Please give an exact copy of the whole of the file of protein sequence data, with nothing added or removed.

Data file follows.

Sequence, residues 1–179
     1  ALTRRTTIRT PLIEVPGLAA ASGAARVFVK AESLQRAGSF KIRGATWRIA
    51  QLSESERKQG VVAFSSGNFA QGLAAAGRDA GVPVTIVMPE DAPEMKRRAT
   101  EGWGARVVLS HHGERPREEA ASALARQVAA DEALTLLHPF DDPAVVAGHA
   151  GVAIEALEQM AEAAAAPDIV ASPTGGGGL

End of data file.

Sequence, residues 1–179
     1  ALTRRTTIRT PLIEVPGLAA ASGAARVFVK AESLQRAGSF KIRGATWRIA
    51  QLSESERKQG VVAFSSGNFA QGLAAAGRDA GVPVTIVMPE DAPEMKRRAT
   101  EGWGARVVLS HHGERPREEA ASALARQVAA DEALTLLHPF DDPAVVAGHA
   151  GVAIEALEQM AEAAAAPDIV ASPTGGGGL